Installation view of Andy Warhol – From A to B and Back Again (Whitney Museum of American Art, New York, November 12, 2018-March 31, 2019). From left to right, top to bottom: Gun, 1981-82; Self-Portrait with Skull, 1978; The Last Supper (Be a Somebody with a Body), 1985-86; Hamburger (Negative), 1985-86; Reagan Budget, 1985-86; Dollar Sign, 1981; Repent and Sin No More! (Positive), 1985-86; Stress! (Negative), 1985-86; Somebody Wants to Buy Your Apartment Building!, 1985; Are You “Different”? (Negative), 1985-86; Dollar Sign, 1981; Heaven and Hell are Just One Breath Away! (Negative), 1985-86; Stress! (Positive), 1985-86; Physiological Diagram, 1985-86; Map of Eastern U.S.S.R., Missile Bases, 1985-86; Camouflage, 1987; Andy Warhol and Keith Haring, Untitled, 1985; Daily News (Gimbel’s Anniversary Sale/Artist Could Have Choked), 1983; Heaven and Hell are Just One Breath Away! (Positive), 1985-86; Map: Soviet Footholds, 1985; Over 40 (How You Can), 1986; Mark of the Beast (Positive), c. 1985-86; Map: Nicaragua and Honduras, 1984-85; Dollar Sign, 1981; New York Post, Front Page (“Jessica Savitch/Marine Death Toll”), 1983; Skull, 1976; Skull, 1976. Photograph by Ron Amstutz. © 2018 The Andy Warhol Foundation for the Visual Arts, Inc. / Licensed by Artists Rights Society (ARS), New York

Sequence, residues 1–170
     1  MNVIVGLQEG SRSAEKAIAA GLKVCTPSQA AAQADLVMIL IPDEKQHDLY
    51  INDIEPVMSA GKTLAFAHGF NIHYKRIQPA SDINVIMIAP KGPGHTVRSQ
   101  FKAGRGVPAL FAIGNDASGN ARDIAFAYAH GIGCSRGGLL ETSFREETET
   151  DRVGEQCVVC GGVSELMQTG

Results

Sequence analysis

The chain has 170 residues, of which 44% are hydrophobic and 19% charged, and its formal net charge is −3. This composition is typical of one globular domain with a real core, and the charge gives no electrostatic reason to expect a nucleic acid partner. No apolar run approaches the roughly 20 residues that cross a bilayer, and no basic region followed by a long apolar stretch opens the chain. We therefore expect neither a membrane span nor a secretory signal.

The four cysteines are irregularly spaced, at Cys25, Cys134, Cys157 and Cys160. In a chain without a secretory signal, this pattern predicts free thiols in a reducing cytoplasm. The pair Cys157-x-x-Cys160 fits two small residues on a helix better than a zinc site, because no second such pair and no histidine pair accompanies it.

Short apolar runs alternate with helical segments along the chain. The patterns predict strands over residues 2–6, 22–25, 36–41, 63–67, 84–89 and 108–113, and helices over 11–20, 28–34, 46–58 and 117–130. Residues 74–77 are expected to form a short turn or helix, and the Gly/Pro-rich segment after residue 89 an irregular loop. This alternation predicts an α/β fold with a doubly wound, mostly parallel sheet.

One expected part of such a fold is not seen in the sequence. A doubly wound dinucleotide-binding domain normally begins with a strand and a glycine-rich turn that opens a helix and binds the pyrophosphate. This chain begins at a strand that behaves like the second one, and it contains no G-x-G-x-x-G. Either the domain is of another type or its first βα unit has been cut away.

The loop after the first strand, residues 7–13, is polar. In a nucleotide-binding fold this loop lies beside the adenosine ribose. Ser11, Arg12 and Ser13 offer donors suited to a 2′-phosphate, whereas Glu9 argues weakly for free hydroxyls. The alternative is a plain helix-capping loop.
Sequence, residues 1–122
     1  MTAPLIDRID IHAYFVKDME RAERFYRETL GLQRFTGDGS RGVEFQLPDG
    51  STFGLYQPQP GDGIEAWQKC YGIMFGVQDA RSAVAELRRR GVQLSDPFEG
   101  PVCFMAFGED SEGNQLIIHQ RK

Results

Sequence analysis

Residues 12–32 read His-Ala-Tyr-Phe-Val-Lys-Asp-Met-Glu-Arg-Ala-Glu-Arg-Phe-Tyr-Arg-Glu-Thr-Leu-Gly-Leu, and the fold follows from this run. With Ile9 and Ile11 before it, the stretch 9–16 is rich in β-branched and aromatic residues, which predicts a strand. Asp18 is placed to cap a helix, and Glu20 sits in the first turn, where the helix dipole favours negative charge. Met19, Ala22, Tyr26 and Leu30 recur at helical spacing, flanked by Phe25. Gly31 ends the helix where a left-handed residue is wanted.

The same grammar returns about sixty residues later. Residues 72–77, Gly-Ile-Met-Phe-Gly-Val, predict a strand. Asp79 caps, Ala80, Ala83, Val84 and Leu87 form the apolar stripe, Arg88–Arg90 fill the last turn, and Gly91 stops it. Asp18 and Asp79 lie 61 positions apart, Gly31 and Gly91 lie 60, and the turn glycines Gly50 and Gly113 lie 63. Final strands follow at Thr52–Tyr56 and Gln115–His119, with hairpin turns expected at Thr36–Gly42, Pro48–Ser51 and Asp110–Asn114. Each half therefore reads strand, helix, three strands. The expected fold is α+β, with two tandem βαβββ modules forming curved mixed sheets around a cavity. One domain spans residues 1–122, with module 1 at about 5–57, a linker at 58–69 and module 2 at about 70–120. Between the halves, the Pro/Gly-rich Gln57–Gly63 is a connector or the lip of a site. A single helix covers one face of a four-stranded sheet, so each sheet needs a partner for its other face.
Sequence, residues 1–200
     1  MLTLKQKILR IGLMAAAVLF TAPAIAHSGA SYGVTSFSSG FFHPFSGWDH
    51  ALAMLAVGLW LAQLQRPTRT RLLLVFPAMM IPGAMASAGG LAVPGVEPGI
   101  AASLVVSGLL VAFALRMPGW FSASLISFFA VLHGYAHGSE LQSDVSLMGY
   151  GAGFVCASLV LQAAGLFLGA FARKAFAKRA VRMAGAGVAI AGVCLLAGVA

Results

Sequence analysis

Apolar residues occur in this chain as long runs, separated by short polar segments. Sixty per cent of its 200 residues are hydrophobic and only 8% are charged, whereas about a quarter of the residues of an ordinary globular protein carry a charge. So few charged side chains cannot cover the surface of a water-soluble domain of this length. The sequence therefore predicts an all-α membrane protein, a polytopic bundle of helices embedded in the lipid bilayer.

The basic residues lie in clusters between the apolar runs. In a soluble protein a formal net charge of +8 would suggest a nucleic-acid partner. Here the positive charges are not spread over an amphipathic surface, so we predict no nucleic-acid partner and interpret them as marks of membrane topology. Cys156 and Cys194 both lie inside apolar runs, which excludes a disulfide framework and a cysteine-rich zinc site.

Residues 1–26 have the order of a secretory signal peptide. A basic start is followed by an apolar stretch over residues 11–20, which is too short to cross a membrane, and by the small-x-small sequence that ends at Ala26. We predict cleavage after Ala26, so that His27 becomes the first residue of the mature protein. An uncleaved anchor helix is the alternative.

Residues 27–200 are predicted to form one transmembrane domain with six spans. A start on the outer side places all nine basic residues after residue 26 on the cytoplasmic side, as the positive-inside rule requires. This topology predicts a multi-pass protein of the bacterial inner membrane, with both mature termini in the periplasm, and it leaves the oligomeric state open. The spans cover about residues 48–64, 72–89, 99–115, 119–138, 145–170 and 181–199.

Installation view of Andy Warhol – From A to B and Back Again (Whitney Museum of American Art, New York, November 12, 2018-March 31, 2019). Left wall, left to right, top to bottom: Mick Jagger, 1975-76; Farah Diba Pahlavi, 1976; Chris Evert, 1977; Pelé, 1977; Liza Minnelli, 1978; Truman Capote, 1979; Truman Capote, 1979; Gianni Versace, 1979-80; Roy Lichtenstein, 1976; Mohammad Reza Shah Pahlavi, 1976; Muhammad Ali, 1977; Corice Arman, 1977; Self-Portrait, 1978; Henry Geldzahler, 1979; Neil Sedaka, 1979; R.C. Gorman, 1979; Jamie Wyeth, 1976; Ashraf Pahlavi, Princess of Iran, 1977; Kareem Abdul Jabar, 1977; Michael Heizer, 1978; Thomas Ammann, 1978; John Reinhold, 1979; Berkeley Reinhold, 1979; Carolina Herrera, 1979. Right wall, left to right, top to bottom: Martha Graham, 1980; Francesco Clemente, 1981; Jean-Michel Basquiat, 1982; Robert Mapplethorpe, 1983; Stephen Sprouse, 1984; Portrait of Emily Fisher Landau, 1984; Douglas Cramer, 1985; Peter Halley, 1986; Diamond Dust Joseph Beuys, 1980; Giorgio Armani, 1981; Keith Haring and John Dubose, 1983; Pia Zadora, 1983; Kenny and Zena Scharf, 1984; Teresa and Zena Scharf, 1984; Corice Arman, 1986; Arman, 1986; David Whitney, 1980; Jon Gould, 1981; Cornelia Guest, 1983; Tina Chow, 1983-84; Michael Chow, 1984; Pat Hearn, 1985; Donald Baechler, 1986; Aretha Franklin, 1986. Photograph by Ron Amstutz. © 2018 The Andy Warhol Foundation for the Visual Arts, Inc. / Licensed by Artists Rights Society (ARS), New York
Installation view of Andy Warhol – From A to B and Back Again (Whitney Museum of American Art, New York, November 12, 2018-March 31, 2019). From left to right: Mylar and Plexiglas Construction, c. 1970; Mao, 1972; Willard Mass, Andy Warhol’s Silver Flotations, 1966; Vote McGovern, 1972; Mao, 1973; White Painting, 1964. Photograph by Ron Amstutz. © 2018 The Andy Warhol Foundation for the Visual Arts, Inc. / Licensed by Artists Rights Society (ARS), New York